In this past week our son Parker has been diagnosed with Asperger’s, except it’s not called Asperger’s any more. It’s called Autistic Spectrum Disorder (ASD), except it won’t be called that for long. They’re changing it to Autistic Spectrum Condition (ASC) because, I assume, that Conditions are less offensive than Disorders. This diagnosis is not bad news for us. We’d assumed that he was autistic for a while now, and had been treating him appropriately. I imagine we’re not alone in being parents who were very relieved to hear that he has ASD, rather than the alternative (“We’re sorry Mr & Mrs Webb. He’s not autistic, he’s just really obnoxious.”).
It’s business as usual for the Webb family really, except that now we have access to various resources and courses that will help us be better parents for him and for his siblings, who struggle more than we do with managing their frustration at his seemingly irrational way of approaching life.
The reality is that no children are easy to raise, and each one should be treated uniquely anyway. In that regard, Parker is just like the rest of them. As difficult as it can be, I enjoy the variety I find in my own house – most of the time, anyway. Our home is a glorious circus; I alternate between being paralysed by laughter and grinding my teeth down to their stumps. I think that family life, like being part of any community, is one of God’s ways of giving us an insight into what it’s like for Him. Would Adam and Eve have been in such a rush to become like God if they had really known that it was less about exercising unlimited power and more about repeatedly having to tidy up after other people who acted like you didn’t exist?
Raising a child with ASD is a challenge, and it brings into the light all those failings that your other children didn’t manage to expose, but I think about the patient, generous way that God has raised me, and it helps.
A little while ago, my three-year old daughter told me that she wanted to write a letter to God. I wrote, while she dictated. It wasn’t a very long letter, more of a note, concerned primarily with finding out if God owned a) a cat and b) a space hopper. We put the letter in an envelope and that was that. Naturally, being me, I sensed a teaching opportunity, so I decided to write a reply.
Thank you for the letter that you wrote to me. I loved to receive it. I do not have a cat, but I do like cats. I love everything that I made. I do not have a space hopper, but I don’t need one at the moment. Perhaps if I do, I could borrow yours? I love you very much & thank you again for your letter.
Apart from the dubious theological statement that God likes cats, I thought it would be a nice moment for Imogen. I put it in an envelope, and a couple of days later ‘delivered’ it. Imogen was fascinated at first, but after I had read God’s reply to her she became quite frightened. I believe the correct phrase is ‘she freaked out’. My parenting skills leave a lot to be desired.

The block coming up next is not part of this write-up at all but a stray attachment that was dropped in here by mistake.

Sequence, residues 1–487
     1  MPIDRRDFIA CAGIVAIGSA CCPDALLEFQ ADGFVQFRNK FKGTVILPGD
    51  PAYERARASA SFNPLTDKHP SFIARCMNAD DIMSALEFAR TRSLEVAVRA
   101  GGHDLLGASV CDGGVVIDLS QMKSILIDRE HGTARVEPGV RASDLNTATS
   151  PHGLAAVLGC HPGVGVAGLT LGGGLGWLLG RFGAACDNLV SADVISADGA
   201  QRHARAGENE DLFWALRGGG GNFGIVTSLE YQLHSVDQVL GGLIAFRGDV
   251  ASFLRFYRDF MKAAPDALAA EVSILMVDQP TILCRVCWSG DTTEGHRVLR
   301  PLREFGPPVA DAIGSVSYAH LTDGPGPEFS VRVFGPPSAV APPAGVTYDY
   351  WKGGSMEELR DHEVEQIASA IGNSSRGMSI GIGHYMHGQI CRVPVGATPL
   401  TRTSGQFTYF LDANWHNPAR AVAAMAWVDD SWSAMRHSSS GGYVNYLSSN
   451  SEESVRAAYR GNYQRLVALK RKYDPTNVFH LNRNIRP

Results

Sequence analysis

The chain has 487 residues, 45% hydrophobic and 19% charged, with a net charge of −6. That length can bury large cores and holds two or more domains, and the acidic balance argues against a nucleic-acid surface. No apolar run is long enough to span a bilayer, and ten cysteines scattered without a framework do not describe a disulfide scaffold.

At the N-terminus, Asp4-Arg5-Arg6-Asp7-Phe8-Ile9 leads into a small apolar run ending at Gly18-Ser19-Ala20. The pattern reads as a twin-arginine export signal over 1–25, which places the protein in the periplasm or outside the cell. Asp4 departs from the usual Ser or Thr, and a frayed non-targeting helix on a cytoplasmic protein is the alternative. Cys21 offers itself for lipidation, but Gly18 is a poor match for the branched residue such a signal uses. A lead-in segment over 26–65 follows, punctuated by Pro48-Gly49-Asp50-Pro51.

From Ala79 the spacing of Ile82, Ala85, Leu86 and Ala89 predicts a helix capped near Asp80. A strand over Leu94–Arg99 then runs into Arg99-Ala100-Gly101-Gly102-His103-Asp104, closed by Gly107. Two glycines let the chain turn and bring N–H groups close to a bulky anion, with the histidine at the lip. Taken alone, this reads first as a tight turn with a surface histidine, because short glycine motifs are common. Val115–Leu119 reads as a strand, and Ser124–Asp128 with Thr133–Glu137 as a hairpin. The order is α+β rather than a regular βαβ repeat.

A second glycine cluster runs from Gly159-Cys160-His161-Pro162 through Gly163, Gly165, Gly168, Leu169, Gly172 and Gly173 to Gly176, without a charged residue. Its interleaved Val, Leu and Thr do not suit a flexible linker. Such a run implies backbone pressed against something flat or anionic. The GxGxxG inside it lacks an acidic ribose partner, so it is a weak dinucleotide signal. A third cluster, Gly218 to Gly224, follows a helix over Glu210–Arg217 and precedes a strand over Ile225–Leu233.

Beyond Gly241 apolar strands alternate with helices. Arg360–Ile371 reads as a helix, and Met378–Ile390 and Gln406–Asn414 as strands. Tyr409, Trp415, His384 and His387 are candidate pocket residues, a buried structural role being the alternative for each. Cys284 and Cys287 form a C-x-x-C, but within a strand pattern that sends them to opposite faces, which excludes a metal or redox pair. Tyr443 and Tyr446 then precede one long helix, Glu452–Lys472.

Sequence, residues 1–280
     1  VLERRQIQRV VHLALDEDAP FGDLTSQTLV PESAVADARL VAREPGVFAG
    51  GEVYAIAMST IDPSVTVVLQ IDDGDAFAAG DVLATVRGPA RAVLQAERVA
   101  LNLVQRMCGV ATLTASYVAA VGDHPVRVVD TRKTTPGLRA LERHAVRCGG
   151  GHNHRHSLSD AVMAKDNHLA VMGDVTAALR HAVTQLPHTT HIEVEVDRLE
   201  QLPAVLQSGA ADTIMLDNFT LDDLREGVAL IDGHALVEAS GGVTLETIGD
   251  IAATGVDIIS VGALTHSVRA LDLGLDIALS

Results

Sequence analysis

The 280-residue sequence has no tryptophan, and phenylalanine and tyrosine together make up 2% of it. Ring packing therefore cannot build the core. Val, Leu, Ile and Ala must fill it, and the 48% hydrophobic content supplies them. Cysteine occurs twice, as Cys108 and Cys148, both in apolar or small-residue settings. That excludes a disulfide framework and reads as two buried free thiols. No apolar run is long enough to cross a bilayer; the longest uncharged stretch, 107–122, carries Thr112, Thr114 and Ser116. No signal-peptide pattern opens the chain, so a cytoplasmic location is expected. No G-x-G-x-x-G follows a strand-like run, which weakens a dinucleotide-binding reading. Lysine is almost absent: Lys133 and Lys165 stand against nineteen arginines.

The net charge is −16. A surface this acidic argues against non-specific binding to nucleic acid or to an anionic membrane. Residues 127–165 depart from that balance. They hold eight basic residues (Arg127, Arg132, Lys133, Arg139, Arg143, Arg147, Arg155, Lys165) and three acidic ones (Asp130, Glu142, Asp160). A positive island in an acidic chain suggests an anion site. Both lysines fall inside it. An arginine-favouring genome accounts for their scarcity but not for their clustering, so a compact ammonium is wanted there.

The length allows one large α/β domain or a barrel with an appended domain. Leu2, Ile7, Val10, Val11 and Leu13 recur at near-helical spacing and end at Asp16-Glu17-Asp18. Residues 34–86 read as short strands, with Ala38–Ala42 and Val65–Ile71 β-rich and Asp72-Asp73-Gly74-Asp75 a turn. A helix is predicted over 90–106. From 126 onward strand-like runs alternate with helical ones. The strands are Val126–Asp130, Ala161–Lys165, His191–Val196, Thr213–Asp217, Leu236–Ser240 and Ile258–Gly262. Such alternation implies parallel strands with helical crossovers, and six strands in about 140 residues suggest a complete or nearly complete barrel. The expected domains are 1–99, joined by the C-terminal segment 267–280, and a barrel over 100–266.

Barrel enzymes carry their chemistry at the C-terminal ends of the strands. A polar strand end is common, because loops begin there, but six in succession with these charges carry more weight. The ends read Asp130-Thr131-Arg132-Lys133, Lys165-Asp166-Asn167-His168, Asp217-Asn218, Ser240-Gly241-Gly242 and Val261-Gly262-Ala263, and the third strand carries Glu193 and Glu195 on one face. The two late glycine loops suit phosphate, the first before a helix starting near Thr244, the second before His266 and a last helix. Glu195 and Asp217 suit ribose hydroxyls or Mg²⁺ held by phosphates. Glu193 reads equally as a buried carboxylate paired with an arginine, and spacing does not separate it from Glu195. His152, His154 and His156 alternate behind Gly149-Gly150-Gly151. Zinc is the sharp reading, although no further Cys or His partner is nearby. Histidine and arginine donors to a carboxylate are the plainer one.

On reflection, it makes sense. God is very much a part of our family life, so Imogen is aware of Him, but she is only a child after all. She has never seen God, and is not explicitly conscious of Him working in her life. The transition from God being an abstract idea to a concrete reality that could interact and intervene was probably a bit too much for her at that moment. We all have a crisis point where we have to decide whether or not God is that real, and I probably brought it on a bit early…
Still, to be able to talk about God and to be willing to talk to Him, but to be surprised and terrified when He decides to talk back? I can understand fear as an initial response, but eventually we have to decide to either walk away or be all in. Hanging around the fringes, still afraid, doesn’t help anyone.
Ruth and I have five children, which is about six more than four children. It wasn’t such a big deal in Australia, where immigration was the only thing that offset the negative growth rate, but in the UK a large family makes life complicated. People react to our situation in a variety of ways. There are those who display shock or pity, and those who respond as though we’re breaking some unspoken rule.
It’s possible to view children as a burden; a drain on the resources of the planet. The doctor who helped deliver our fourth took me to one side after the event and suggested that we had enough children now. He told me that our carbon footprint was big enough. He had a point, but the cynical part of me sometimes wonders if what people really mean to say is “If you don’t stop having children I might have to change my habits as a consumer.” There are those who view children as a resource, potential or otherwise. If you follow the news you may be aware that China is softening it’s one child policy as a result of studies predicting that the country will face a workforce shortage in the future. Children, for me, are neither a burden nor a resource. They are an expression of hope.
If Ruth and I do our job well then we’ll contribute five more people to this earth, who will take the best of us and run with it. Hopefully their character and deeds will more than offset their environmental impact. We are now the parents of a teenager and, if my maths is right, we’ll have at least one teenager in the house for about the next fifteen years. Teenagers are, generally speaking, hard work to have around, but some days I look at Calvin and feel fit to burst with pride as I see the man that he is becoming. Here’s to the next fifteen years.